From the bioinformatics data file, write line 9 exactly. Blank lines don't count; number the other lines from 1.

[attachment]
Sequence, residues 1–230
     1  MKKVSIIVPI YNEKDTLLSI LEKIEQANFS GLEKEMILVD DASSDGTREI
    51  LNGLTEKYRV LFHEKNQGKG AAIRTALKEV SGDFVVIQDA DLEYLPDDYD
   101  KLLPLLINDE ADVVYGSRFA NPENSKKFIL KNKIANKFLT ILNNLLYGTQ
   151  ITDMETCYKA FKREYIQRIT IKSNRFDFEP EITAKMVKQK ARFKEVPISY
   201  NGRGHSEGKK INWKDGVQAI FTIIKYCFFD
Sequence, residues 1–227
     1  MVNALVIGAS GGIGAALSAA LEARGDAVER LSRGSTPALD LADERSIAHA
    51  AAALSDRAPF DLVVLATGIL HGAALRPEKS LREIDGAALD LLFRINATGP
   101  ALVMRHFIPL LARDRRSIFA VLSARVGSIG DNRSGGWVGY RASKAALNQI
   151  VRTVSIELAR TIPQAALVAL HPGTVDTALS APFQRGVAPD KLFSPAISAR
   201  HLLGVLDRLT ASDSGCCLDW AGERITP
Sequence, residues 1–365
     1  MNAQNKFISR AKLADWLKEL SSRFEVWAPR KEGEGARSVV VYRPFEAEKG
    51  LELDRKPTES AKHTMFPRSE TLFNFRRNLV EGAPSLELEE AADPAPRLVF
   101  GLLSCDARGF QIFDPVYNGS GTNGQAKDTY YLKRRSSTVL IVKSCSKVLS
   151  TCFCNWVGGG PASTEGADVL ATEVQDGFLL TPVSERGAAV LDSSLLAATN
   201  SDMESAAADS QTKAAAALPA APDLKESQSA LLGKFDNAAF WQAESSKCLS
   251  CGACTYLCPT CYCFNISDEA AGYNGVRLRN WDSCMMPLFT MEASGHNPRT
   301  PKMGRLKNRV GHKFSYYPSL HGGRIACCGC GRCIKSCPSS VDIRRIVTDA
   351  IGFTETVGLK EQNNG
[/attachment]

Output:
    51  AAALSDRAPF DLVVLATGIL HGAALRPEKS LREIDGAALD LLFRINATGP